“A wonderful thing:” MAM’s public art display adds color to government buildings
Those dozing off during marathon hearings in Missoula City Council chambers have glanced from time to time at the art adorning the walls, dreaming perhaps of a better place.
The same may be said for patients waiting to see their doctor at Partnership Health Center, or a deputy at the sheriff’s department. Pieces from the Missoula Art Museum’s permanent collection at least bring color and levity to the moment, courtesy of its Art in Public Places program.
“There are hundreds of pieces around the county,” said Anne Hughes, the county’s communications director. “It’s an amazing thing.”
With roughly 200 pieces in its Missoula County Art Collection and dozens on display across the city at any given time, MAM’s Art in Public Places program has long been a staple of artistic reflection.
Pieces hang in the office of the city clerk and in the mayor’s office at City Hall. Nearly a dozen works hang at the City-County Health Department, including Lulu Yee’s “The Girl who Dreamt” and John Smart’s “Sheep on the Cooney Ranch.”
“It’s a wonderful thing that this art is up on the wall and the museum is still in public places,” said Commissioner Josh Slotnick. “It can viewed and enjoyed by all.”
To provide public access to its collection, the museum may loan a painting, print or photo for one year for display in spaces primarily used by the public, including lobbies, hallways and conference rooms. It also includes private offices, so long as they enjoy “significant public traffic.”
With so many pieces spread across the city, MAM and Missoula County recently dusted off their policies guiding the Art in Public Places program. The policy was adopted in 2007 and last updated in 2014.
“It ensures we’re following the guidelines of displaying art in ares where there’s public traffic,” said Hughes. “It promotes the purpose and intent of the museum’s mission, and the Art in Pubic Places program that the museum administers.”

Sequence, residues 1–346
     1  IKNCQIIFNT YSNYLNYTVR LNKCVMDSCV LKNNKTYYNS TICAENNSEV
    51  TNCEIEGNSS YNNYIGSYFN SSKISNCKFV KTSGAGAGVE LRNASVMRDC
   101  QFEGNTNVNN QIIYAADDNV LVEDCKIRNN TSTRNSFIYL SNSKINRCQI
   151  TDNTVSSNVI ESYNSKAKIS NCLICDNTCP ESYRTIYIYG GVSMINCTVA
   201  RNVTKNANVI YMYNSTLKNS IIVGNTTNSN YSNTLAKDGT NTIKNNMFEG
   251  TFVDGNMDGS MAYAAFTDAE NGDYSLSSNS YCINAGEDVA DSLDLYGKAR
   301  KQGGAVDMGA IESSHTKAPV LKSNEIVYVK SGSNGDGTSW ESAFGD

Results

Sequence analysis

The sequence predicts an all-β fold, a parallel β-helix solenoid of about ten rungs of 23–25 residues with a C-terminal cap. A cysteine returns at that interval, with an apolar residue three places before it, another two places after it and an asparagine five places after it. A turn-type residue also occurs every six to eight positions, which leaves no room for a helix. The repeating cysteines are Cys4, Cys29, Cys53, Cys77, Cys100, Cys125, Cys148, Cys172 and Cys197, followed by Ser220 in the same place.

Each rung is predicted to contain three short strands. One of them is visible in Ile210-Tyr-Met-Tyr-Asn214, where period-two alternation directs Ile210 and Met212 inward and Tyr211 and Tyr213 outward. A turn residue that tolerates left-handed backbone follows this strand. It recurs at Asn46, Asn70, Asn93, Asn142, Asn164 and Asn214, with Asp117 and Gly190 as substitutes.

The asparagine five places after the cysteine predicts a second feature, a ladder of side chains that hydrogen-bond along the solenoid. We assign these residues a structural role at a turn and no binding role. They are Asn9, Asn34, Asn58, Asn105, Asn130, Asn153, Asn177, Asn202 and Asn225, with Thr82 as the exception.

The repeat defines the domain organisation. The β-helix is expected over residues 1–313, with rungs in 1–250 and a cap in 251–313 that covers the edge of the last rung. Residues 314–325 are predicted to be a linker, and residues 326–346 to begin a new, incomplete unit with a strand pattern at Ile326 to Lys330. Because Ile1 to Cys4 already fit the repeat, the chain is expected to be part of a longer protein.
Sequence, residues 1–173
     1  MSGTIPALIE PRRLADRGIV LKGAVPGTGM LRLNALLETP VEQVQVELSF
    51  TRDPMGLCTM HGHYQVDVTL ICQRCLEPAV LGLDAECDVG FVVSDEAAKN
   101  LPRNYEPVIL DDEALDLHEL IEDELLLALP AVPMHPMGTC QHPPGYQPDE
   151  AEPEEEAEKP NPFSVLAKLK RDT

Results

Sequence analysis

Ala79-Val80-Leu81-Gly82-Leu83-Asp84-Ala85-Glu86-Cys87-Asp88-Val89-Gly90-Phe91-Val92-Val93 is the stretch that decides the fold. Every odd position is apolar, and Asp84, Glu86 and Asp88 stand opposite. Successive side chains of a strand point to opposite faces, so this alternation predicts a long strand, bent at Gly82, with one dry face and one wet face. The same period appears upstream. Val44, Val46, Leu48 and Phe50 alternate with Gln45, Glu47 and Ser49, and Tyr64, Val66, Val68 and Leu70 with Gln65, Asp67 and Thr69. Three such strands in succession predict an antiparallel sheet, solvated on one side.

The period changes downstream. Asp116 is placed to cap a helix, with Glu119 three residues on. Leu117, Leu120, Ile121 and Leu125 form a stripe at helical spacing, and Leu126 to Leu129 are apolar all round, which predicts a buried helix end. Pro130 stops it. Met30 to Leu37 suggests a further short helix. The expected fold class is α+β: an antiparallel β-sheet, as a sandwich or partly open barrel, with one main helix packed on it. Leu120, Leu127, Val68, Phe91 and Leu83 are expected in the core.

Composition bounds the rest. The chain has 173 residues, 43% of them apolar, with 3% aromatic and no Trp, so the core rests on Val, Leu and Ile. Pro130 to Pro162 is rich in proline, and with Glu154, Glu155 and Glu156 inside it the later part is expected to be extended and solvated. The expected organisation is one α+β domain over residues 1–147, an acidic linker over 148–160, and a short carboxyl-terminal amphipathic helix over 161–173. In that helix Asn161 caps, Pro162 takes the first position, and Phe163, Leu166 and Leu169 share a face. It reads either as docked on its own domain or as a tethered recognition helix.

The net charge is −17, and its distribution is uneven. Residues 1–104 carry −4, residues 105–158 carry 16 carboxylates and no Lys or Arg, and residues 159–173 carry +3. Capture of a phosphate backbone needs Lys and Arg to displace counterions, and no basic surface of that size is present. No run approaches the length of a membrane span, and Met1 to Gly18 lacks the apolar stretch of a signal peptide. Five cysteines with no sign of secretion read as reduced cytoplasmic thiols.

The pieces cover a range of styles, from abstraction to contemporary art and digital photo prints. The works include a 2017 screen print by Tressa Jones titled “Mountain Top, River Bottom” and Jim Poor’s colorful 2010 painting, “Circle with Gestures.”
The 1991 lithograph by Jaune Quick-to-See Smith, dubbed “Ode to Chief Seattle,” may cause one to pause during a visit to the Health Department. The updated policy ensures such works remain safe, and that borrowers follow the museum’s rules of display.
“It ensures that no one except the Missoula Art Museum is going to be handling any of the work itself, because we don’t want any damage to come to it,” said Hughes. “It offers clear guidelines on where art can be displayed.”
Jennifer Reifsneider, the museum’s registrar, said the program was recently expanded to include display in the Sophie Moiese conference room at the Missoula County Courthouse. The museum offers a guide for viewing the collection on display around the city.
“We’re really glad to be doing it,” said Reifsneider. “We’re just trying to tighten everything up to make sure the language is consistent in the policy. There are no major changes to procedures or the concept.”